The Province of Canada

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We can all name the provinces of Canada, but did you know there was once just a province of Canada?

It was a long time ago, and it was a direct response to a rebellion that nearly altered the entire future of Canada forever.

In today’s episode, we will dive into that province, its history and its lasting impact on our country.

During the Upper and Lower Canada Rebellions in 1837 and 1838, which were motivated by frustrations related to political reform, the goal of the rebels was a responsible government. This type of government is a system that embodies the principle of parliamentary accountability, in which the democracy is responsible to the parliament not to the monarch, or imperial government.

Following the rebellions, Lord Durham, Governor General, drafted a report on the Affairs of British North America. Also known as the Durham Report, it would prove to be one of the most important documents in Canadian history.

The report was highly controversial because it suggested that Upper and Lower Canada should be granted responsible government. This was suggested because as he drafted the report, he saw that while the rebellions were over, peace and unity was still not achieved within Canada. The economy of Upper and Lower Canada had collapsed, farming conditions were poor and there was a high level of poverty among farmers. Add all this together and the environment in Upper and Lower Canada was one of distress.

The main recommendation, as was stated before, was the union of Upper and Lower Canada into one province with equal representation. Upper Canada had existed as a province since 1791 and comprised southern Ontario along the great lakes to what would one day be the Manitoba border. At the time, the province had a population of 358,187 people. As for Lower Canada, it too had existed since 1791 and comprised all southern Quebec all along the St. Lawrence River, up to Labrador. At the time of the report, it had a population of 700,000 people. This is important to note because equal representation meant that while Upper Canada had half the population of Lower Canada, both would receive equal representation. The fact that Lord Durham was English should not be discounted. He activated encouraged immigration to Canada from Britain to overwhelm the French Canadians, with the goal of assimilating the French into British culture. In addition, he recommended that the freedoms that had been granted to the French Canadians in the Royal Proclamation of 1763 should be rescinded to mitigate the worry of future rebellions. Lord Durham did not state that the French should lose their right to practice their religion or speak their language, but they would not be allowed to hinder the progress of British culture.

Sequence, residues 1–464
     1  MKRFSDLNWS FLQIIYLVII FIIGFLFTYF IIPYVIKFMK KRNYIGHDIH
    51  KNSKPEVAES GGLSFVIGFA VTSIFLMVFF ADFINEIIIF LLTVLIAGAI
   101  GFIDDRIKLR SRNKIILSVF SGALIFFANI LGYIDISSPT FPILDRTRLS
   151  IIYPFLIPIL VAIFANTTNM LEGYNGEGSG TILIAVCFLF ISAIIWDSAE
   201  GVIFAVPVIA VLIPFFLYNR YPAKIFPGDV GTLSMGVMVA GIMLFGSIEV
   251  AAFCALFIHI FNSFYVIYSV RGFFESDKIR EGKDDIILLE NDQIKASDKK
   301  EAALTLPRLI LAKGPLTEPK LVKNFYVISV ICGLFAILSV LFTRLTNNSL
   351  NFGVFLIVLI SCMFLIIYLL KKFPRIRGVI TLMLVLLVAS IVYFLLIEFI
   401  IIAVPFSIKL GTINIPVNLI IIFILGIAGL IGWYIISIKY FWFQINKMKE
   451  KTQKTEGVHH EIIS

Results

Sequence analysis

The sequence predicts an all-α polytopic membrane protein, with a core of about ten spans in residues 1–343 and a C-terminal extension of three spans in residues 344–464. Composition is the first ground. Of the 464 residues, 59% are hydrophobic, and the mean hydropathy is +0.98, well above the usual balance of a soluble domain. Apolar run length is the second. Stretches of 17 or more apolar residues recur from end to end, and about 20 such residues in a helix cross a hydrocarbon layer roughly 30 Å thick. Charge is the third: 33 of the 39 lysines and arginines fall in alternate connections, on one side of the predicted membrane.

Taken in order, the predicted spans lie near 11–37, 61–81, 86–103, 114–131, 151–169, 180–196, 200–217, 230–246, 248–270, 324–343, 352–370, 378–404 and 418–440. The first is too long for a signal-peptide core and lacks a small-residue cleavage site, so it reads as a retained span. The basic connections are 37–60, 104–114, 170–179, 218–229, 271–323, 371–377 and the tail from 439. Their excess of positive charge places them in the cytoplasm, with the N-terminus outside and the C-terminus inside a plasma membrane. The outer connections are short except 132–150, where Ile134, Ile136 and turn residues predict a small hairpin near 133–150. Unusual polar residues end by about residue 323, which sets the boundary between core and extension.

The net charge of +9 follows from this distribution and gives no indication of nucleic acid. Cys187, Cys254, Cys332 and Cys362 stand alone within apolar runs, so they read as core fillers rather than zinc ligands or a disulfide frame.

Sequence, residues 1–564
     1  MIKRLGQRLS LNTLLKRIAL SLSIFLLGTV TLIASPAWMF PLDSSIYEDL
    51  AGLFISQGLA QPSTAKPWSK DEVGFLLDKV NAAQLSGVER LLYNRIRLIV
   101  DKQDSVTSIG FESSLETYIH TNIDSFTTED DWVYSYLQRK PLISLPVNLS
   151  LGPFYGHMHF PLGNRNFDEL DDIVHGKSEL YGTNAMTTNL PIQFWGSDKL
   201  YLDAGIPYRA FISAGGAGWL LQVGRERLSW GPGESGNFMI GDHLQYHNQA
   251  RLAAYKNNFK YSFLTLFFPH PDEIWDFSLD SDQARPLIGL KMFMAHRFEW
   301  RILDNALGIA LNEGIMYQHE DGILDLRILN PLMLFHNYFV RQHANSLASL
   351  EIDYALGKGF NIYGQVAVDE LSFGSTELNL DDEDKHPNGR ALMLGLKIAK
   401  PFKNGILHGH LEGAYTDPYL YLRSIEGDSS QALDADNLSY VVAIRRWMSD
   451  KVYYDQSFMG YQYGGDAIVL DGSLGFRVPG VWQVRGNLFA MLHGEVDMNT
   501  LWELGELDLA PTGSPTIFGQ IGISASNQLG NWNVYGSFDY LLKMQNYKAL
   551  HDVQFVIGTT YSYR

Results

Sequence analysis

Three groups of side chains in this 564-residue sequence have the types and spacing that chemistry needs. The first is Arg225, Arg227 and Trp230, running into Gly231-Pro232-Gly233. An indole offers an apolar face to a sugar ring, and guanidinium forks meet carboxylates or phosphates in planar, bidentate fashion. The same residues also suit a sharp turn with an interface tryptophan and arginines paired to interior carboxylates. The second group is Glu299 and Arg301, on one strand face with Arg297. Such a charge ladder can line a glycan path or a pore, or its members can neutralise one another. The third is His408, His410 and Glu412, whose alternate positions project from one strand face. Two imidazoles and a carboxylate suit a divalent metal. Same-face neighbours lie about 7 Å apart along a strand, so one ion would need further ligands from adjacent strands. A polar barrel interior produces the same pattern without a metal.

Another benefit for Upper Canada in this report was that if the two provinces merged, then the financial surplus of Lower Canada would erase the debt from building canals in Lower Canada.

The report stated that the Governor General would be a figurehead and the legislative assembly would hold the power elected by the people. The party with the majority would hold the power as long as they held support and would keep power in that regard.

Unfortunately for Lord Durham, he would not be in Canada to watch the union of the provinces thanks to his report. He resigned amid controversy regarding penal questions and he was replaced by Charles Thomson, who would take on the responsibility of the Union of the Canadas.

As for the report from Durham, that was put before the British Parliament on Feb. 11, 1939.

This would lead to the British North American Act of 1840, also known as the Act of Union 1840. It was approved by Parliament in July 1840 and proclaimed in Montreal on Feb. 10, 1841.

With that, Upper and Lower Canada merged into one province with two houses and a single Legislative Council as the upper chamber and the Legislative Assembly of the lower chamber.

Not all the recommendations were implemented in this union. In fact, from 1841 to 1848, the government was led by the Governor General, appointed by the British Crown. The responsible government that had been recommended would be implemented in 1849 when James Bruce, the Governor General, agreed to a request from cabinet that it be formed on the basis of a party, making the elected premier the head of the government. This would push the Governor General into a symbolic role.

Today, we take the fact that Ottawa is the capital of Canada for granted. It was the capital when Canada was formed in 1867, and it is still the capital today. One capital over the course of 153 years.

That was not the case for the Province of Canada.

From 1841 to 1867, the province would have six capitals.